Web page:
posted April 7, 2009 at 7:44 am


Thanks for the post, Scot. I was interested in picking this book up until I found out I was a heretic. But now that I?ve thought about it, that might be an even better reason to investigate it.
I agree with much of what David said above, and I also think Ward?s point about ?process thinking? and ?Greek philosophy? canceling each other out is very true. Civility, I think, requires that we approach others? arguments on their own terms rather than attempting to invalidate their beliefs by rooting out the ?real reason? they believe what they do.
I have no credentials here except an unhealthy interest in theology. However, ultimately I think a distinction must be made between the ?immutability? of God?s attributes ? His love, justice, truth, goodness, etc. ? and the ?passability? of his emotions. I?m curious to see how Ward argues that they are incompatible, because in my view they are interdependent. If we argue that God?s perfect Triune love makes emotional passability impossible, then we are left with something akin to Piper?s ?hedonistic? God, who is completely self-absorbed and incapable of any true ?selfless? act. Maybe this is my immaturity, but I fail to see anything exceedingly ?spiritual? about affirming a God who is so totally absorbed with Triune love or perichoresis that He cannot be troubled to be moved by the pain and suffering and sin of humans on earth.
Speaking of which, it is my understanding that Piper (and if not him, many like-minded Calvinists who share his conception of God) teaches that God?s wrath is ?personal? rather than simply ?legal? or ?functional,? and many self-described ?orthodox? Evangelicals believe this also. Conservative evangelicals teach that God?s wrath is a direct, personal reaction in response to the specific sins of every individual and thus contradicts the doctrine of impassability that Ward apparently espouses. So while I don?t know Ward?s position on the matter, it must be pointed out that a great deal of evangelicals, especially those who hold to strict Penal Substitution, have at least some degree of emotional passibility in their doctrine because the idea of God?s ?personal? (i.e., emotional, passable) wrath is essential to their atonement theology.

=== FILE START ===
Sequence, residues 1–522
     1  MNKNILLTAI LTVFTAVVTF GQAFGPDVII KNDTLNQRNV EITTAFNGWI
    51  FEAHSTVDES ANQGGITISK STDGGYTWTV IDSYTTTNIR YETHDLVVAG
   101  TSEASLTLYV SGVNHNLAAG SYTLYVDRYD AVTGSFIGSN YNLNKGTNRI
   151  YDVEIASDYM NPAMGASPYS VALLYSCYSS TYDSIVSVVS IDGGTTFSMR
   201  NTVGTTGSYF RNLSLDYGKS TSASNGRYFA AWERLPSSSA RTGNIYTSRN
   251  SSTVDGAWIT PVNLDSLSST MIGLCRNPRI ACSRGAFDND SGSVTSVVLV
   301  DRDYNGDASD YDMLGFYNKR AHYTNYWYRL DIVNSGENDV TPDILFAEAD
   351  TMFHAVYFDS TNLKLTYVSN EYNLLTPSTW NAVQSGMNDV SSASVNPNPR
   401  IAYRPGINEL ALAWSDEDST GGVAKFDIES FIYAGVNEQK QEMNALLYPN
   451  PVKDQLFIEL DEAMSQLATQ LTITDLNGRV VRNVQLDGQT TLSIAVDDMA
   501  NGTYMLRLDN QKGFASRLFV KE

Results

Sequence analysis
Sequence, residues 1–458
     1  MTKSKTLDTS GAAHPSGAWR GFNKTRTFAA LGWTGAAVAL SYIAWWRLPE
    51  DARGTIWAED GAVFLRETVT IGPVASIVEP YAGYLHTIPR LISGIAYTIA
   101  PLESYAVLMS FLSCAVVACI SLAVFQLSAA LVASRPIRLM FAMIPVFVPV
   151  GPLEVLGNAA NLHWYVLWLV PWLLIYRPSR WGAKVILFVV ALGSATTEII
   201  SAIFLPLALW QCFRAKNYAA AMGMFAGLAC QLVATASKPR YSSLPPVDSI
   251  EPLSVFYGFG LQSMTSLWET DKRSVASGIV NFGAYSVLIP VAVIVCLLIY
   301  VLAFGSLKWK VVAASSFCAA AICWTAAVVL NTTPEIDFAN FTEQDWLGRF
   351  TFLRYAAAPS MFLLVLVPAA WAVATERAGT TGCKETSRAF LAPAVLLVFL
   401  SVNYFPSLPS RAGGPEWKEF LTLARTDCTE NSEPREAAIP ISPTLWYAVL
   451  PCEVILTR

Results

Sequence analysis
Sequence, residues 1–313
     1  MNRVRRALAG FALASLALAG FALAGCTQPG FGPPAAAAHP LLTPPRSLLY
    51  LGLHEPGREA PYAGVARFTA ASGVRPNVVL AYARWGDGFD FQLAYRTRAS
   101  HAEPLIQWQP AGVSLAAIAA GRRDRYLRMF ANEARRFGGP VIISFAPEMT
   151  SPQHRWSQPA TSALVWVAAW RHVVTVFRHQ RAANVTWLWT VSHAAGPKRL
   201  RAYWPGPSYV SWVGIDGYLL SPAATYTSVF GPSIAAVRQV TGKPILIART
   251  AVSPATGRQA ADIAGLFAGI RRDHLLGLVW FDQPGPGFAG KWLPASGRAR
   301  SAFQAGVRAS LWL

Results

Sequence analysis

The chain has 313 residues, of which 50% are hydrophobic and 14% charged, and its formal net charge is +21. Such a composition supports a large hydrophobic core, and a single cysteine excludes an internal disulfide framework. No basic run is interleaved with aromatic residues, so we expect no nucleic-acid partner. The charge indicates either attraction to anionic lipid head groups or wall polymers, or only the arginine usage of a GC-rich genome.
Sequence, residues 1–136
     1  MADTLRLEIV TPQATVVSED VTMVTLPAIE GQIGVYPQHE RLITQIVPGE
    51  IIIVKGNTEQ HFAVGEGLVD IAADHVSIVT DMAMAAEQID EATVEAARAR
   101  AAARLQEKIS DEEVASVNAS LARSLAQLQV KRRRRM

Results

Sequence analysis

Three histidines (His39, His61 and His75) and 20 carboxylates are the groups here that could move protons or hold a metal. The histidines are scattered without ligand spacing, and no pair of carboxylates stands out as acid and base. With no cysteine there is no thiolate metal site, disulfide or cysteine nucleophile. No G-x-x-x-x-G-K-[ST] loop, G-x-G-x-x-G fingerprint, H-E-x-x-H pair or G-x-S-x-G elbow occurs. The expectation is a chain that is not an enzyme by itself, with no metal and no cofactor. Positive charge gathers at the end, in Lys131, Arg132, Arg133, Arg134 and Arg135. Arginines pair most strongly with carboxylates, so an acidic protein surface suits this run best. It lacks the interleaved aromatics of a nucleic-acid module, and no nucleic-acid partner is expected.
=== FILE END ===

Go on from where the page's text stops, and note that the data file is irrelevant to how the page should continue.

Finally, I?m not as familiar with the ins and outs of patristic theology, but if we assume that the nature of God in Christ and the nature of Jesus the man were inextricably linked, how can we not affirm that God, as God, in Jesus Christ, did actually suffer? (http://blog.beliefnet.com/jesuscreed/2009/03/our-collective-faith-and-heres-1.html#more ; http://blog.beliefnet.com/jesuscreed/2009/03/our-collective-faith-and-heres-2.html#more ; http://blog.beliefnet.com/jesuscreed/2009/03/our-collective-faith-and-heres-3.html#more) This is more a question than an argument per se.



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Greg Smith-Young

posted April 7, 2009 at 7:47 am


I’ve attached a link to a good article “Only the Suffering God Can help: Divine Passibility in Modern Theology” by Richard Bauckham.
I resonate with the question Phil asks in #3. It seems arguments for impassibility assume a lot about what divine perfection looks like. Are those assumptions true to Scripture?
Greg



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Phil

posted April 7, 2009 at 8:19 am


When I have to teach around this, and I mean around because the terminology and though is beyond my grasp (think Philippians 2), I probably over simplify it to “God’s nature” or “character” doesn’t change. When moses or abram, etc. changes His mind, His person does not change and His plan or will is carried out. Am I off in my understanding here?



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Rick

posted April 7, 2009 at 8:28 am


This issue seems to be dated a little later (closer to 500), and seems to have a strong eastern church influence. Is it considered a heresy in the western church? It does not seem to have been widely condemned (uniformly) in the west.



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Scott Eaton

posted April 7, 2009 at 9:09 am


Scot,
I hope you will respond to some of the arguments above. These have been some very thoughtful responses to your post.
Just wondering aloud here, but would you see “The Shack” as guilty of theopaschitism? Is open theism guilty of theopaschitism?
Again, great post and thoughtful comments.



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LutheranChik

posted April 7, 2009 at 9:18 am


I’m wondering how the concept of kenosis, which is an important theme in Lutheran theology, relates to theopaschitism.
As noted by the first respondent, if I’m going to be a heretic, I’d be happy to be a theopaschitist heretic.



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T

posted April 7, 2009 at 9:20 am


Ditto the above comments. When I first heard about this aspect of “orthodoxy,” I remember asking the friend telling me immediately, “What about the passage where ‘God’s anger burned against Moses,’ or even where God changed his mind because of Moses’ plea?” He had no way to explain these passages within this ‘impassible’ God idea as he understood it without turning the text on its ear. That’s always a sign to me that we’re making conclusions about God that have overstepped. It seems to me that the texts about God’s “unchangeableness” are ambiguous enough to allow for the specific ‘changes’ we know about from other texts. Does God ever ‘change’ what he is doing in a given moment? Does he ‘change’ how he brings his messages from day to day, year to year, century to century, etc.? Of course.
If a given theology tells me that God can’t or won’t do “X”, and scripture tells us he already did “X”, I tend to think that theology is missing something.